Chad Conflict History
Head of state: President Idriss Déby, December 1990- (1996-2001; 2001-2006; 2006-)
Long inhabited region colonised by French 1900, but given full colonial status only in 1920 as part of French Equatorial Africa (AEF). AEF dissolved 1959 into four states, but elected representatives sat in French National Assembly from 1946. Chad became independent 11 August 1960, with François Tombalbaye – leader of largest political party Chadian Progressive Party (PPT), triumphant in May 1959 elections – as president.
Independence exacerbated existing divisions within population, Tombalbaye’s rule increasingly authoritarian. Opposition parties were banned 1962, protests suppressed 1963. Bloody 1965 Mangalme tax revolt spread across east and centre of country, against southern-led government. National Liberation Front of Chad (FROLINAT) founded 1966 in Sudan to oust Tombalbaye and government. Tombalbaye unable to quell Libyan-supported insurgency, despite French assistance.
1975 military coup unseated Tombalbaye, General Felix Malloum installed as head of state, leading more ethnically representative government. Failed to stabilise country and weakened by French withdrawal and several insurgent victories. Brief alliance with Hissène Habré as PM disintegrated and violence between respective forces broke out in capital February 1979. Nigerian-mediation yielded August 1979 Lagos Accord, then fragile transitional coalition government with Goukouni Oueddei as president.
Then Defense Minister Habré’s forces entered N’Djamena June 1982 following numerous clashes with Goukouni’s forces, ousting Libyan-supported Goukouni with regional and international assistance aimed at countering expansionist Libya.
Habré’s brutal regime lasted until December 1990, with western support and fired by virulent nationalism in face of Libyan interventions. Opposition brutally repressed, some 40,000 reputedly killed under his rule. Libya supported various anti-Habré forces, occupying northern Chad from 1983. Habré’s mid-1980s reconciliation with opponents including Goukouni enabled expulsion of Libyan forces from most of territory. 1987-88 ceasefire held, 1994 International Court of Justice decision giving Chad sovereignty over contested northern Aouzou strip effectively ended Libyan occupation.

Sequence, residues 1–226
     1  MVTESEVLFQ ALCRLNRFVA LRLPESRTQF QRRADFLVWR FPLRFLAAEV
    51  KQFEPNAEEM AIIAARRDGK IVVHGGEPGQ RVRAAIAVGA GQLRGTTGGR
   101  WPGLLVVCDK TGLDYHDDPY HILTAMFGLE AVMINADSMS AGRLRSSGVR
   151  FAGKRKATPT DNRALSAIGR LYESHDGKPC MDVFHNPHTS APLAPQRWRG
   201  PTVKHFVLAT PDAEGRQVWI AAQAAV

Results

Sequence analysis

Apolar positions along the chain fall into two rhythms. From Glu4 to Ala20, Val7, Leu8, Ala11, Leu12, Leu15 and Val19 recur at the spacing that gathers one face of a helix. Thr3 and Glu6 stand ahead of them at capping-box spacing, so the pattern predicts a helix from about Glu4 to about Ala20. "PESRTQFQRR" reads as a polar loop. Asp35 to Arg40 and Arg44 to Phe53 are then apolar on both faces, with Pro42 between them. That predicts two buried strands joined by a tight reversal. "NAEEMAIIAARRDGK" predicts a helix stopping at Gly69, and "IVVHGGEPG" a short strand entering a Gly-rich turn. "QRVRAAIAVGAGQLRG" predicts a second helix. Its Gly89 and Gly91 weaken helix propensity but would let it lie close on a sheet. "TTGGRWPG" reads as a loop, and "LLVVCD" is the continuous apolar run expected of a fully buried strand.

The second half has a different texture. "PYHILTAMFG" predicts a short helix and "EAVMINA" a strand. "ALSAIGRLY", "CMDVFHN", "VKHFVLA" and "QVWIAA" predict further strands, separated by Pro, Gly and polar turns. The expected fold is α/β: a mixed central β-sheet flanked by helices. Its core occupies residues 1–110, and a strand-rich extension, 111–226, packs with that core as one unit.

Habré unable to create national consensus and depoliticise army: tensions grew late 1980s between different ethnic groups in government. Leading general Idriss Déby defected 1989, fled to Darfur, mounted attacks on Habré, supported by Sudan Libya and French secret services. Déby’s forces took N’Djamena December 1990, with no opposition from French troops in capital.
New order had potential for democratic shift, but new political system remained tightly controlled by Déby and army dissidents continued to foment unrest in parts of the country. Initial liberalisation steps included formal adoption of multipartism October 1991 and disbanding of Habré’s political police. French pressure led to early 1993 national conference, giving first opportunity for political dialogue and attempts to reduce presidential power and shore up legitimate institutions. But in transition years to 1996 presidential election, Déby secured control of civil service, new constitution March 1996 effectively conceived by presidential entourage.